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How To Support Staff With Coronavirus Anxiety

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How To Support Staff With Coronavirus Anxiety

The coronavirus outbreak has precipitated an unprecedented time of change and uncertainty all over the world. New infections are being reported on a daily basis, coronavirus deaths continue to be announced, and people are losing their jobs every day.

It is only normal for people to experience high levels of anxiety during this pandemic. If it is not the fear of losing a job, it is the fear of becoming infected. If it is not the rising cases of depression as a result of being stuck indoors for ages, it is the increasing reports of domestic violence. Everyone is losing in some way or form.

In the light of these misfortunes, as a business leader, how do you support your staff dealing with coronavirus anxiety, noting that you too are vulnerable to anxiety? Here are 5 tips for you:

1. Make reasonable adjustments

Start by allowing employees that can work remotely to do exactly that. That is because some employees are panicking because they don’t know if they will catch the virus on their way to the workplace, or from their colleagues at work.

Secondly, for those who have to deal directly with customers, e.g. your delivery guys, salespersons, and store managers, adjust their working conditions to ensure that they are safe; that they feel they are safe. Provide them with PPEs and ensure that all safety guidelines issued by your local authorities are adhered to by everyone stepping into your office premise.

2. Stay in touch with them

Keep in regular and authentic contact with your remote employees, be it via Zoom, WhatsApp, phone calls, or email. In every communication, ensure that you give them an honest assessment of how things stand within the company and in the industry as a whole.

Update them as new information or guidance emerges because this is not a good time to keep information from your staff. If they suspect that you are not honest with you, some of them might interpret that to mean you are pushing them away from the company, probably with the intention to fire them in the end. That only piles onto their anxiety.

Anxiety also stems from isolation. Humans are social beings, after all. In that regard, try and replicate daily interactions with co-workers by hosting regular videoconferences, or creating a WhatsApp group where colleagues can chat without being intimidated by their bosses.

Encourage virtual coffees and lunches. Hold virtual happy hours. Celebrate birthdays and anniversaries virtually. Don’t assume that your employees will do it without your coordination. At a time like this, when anxiety is running high, they might not even be sure of what they need or what works/doesn’t work anymore.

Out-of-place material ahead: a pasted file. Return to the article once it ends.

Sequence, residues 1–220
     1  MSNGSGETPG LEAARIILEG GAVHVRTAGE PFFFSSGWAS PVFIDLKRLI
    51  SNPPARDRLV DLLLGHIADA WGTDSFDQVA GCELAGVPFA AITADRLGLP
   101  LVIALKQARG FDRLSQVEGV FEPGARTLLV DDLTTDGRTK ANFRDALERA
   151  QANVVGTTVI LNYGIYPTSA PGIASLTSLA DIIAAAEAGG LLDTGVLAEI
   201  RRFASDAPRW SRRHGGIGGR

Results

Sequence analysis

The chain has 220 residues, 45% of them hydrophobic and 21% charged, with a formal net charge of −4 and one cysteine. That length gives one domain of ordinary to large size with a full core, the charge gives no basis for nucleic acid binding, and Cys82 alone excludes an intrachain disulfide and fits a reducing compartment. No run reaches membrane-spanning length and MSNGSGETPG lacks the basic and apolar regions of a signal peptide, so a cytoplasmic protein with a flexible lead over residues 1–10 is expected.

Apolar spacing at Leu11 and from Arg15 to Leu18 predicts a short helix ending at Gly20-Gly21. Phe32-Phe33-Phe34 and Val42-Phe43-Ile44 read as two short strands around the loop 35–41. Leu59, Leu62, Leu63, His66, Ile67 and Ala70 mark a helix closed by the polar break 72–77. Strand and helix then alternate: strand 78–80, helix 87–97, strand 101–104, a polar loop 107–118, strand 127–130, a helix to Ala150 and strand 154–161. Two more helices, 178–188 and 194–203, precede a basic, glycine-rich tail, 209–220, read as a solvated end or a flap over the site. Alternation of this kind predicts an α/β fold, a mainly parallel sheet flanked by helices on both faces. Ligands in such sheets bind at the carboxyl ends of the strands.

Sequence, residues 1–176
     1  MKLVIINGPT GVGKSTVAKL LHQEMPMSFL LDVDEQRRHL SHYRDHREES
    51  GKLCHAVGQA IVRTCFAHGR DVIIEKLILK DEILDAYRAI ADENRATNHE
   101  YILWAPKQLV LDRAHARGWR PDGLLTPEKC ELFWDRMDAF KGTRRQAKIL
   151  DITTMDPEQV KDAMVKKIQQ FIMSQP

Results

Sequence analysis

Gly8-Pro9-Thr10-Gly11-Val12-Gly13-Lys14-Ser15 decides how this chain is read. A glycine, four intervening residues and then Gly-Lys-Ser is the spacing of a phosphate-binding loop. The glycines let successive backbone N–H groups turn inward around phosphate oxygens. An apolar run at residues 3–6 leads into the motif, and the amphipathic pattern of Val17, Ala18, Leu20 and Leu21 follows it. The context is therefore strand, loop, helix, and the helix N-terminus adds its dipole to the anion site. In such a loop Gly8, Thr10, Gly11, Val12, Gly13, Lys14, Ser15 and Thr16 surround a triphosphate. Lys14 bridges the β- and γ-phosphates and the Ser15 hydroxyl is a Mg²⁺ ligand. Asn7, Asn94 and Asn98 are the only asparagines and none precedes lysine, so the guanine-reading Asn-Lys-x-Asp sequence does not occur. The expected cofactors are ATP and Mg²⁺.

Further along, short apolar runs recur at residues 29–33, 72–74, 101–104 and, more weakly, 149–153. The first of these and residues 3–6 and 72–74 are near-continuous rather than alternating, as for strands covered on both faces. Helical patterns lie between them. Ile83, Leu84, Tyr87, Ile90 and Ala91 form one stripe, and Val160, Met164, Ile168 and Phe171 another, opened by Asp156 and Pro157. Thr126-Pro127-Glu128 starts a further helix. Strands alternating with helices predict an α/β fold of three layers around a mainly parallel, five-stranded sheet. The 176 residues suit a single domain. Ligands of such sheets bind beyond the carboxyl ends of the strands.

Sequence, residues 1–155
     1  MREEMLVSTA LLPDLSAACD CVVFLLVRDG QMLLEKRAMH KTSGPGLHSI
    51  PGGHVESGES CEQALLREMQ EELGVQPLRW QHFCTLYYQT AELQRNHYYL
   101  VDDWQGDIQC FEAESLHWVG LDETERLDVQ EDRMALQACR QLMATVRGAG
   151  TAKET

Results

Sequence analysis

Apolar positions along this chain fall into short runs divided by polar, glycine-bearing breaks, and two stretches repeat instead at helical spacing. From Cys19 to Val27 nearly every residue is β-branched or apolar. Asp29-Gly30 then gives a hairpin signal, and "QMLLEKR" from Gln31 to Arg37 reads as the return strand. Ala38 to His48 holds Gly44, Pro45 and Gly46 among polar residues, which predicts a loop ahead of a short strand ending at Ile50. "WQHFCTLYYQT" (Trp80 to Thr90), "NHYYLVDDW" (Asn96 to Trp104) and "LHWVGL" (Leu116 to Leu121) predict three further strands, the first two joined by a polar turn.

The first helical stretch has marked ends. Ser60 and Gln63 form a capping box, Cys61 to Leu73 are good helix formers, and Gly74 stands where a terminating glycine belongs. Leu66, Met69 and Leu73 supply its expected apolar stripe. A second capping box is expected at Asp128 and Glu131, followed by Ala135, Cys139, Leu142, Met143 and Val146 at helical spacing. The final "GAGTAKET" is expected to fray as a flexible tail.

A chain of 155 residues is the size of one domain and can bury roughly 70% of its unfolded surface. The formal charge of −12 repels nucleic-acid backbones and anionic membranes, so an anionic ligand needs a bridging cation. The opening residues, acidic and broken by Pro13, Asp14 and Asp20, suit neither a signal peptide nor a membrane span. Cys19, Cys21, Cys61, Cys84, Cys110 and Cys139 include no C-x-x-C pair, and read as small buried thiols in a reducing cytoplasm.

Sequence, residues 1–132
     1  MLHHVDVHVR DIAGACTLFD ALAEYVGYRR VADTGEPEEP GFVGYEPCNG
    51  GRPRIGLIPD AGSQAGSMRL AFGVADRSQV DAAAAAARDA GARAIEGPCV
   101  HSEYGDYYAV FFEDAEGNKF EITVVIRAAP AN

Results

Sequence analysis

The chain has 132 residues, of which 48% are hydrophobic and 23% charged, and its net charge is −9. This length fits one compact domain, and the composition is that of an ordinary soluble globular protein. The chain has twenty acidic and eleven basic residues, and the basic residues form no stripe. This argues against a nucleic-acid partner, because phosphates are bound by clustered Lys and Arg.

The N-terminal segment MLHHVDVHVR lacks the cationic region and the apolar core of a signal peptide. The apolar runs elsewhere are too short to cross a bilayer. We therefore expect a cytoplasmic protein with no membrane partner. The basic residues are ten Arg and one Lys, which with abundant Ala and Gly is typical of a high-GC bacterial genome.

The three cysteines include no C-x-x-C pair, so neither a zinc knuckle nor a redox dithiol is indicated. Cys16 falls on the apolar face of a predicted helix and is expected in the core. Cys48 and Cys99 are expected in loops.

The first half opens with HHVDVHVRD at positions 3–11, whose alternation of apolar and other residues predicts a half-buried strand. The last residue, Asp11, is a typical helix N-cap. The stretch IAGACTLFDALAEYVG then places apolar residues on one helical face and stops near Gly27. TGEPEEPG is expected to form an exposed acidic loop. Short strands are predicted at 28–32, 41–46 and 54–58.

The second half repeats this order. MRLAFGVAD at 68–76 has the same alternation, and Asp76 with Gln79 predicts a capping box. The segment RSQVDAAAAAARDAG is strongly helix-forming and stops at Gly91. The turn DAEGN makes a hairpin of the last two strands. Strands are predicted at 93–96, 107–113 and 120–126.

3. Support them through employee assistance programs

If you haven’t set up an employee assistance program for your staff, maybe this is the time to set one up. Just set aside a small budget to cater for employee wellbeing and counseling services in case the need arises.

You might not spend this money if none of your employees ends up needing confidential counseling but, especially if some of your employees are within the vulnerable groups, you cannot afford to gamble with their mental or physical health.

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4. Outsource staffing needs to a PEO

Outsource your staffing needs to a global PEO because, regardless of the challenges your company is currently facing, your employees will always be certain that their needs will be taken care of by the certified PEO.

Professional employment organizations will also offer you compliant and agile workforce solutions to keep your business afloat during this pandemic. When you have the right people in the right place, your chances of survival increase which, consequently, gives employees the hope that they will still have a job post-COVID. That lowers their anxiety.

If you are looking to expand your business in Asia, particularly in Singapore, and are looking to outsource staffing to a Singapore PEO, check out Globalizationpedia.

5. Provide them with stress management resources

Many people manage their stresses in fitness centers. The pandemic has forced all gyms and social gatherings to be banned. These days, people have turned to apps and websites as a temporary substitution to fitness centers. Some are free, but if you want to really help your employees, the best thing to do is pay for their premium resources.

You can, for example, pay for their online mindfulness or yoga classes. If you have the budget, you can buy stationary bikes for them and other at-home workout equipment.


In every measure you take, always remember that some employees are more affected than others. Reach out to those employees more often and invest more in their mental health. Some of them include single parents, workers with compromised immunity, and minimum wage earners.

About The Author
Andy Latkovskis is an HR Officer specialized in employee training and development. He is truly passionate about nurturing talent and ideas that evoke transformative change in individuals, teams, and organizations. When he is not working, you can find him socializing physically.
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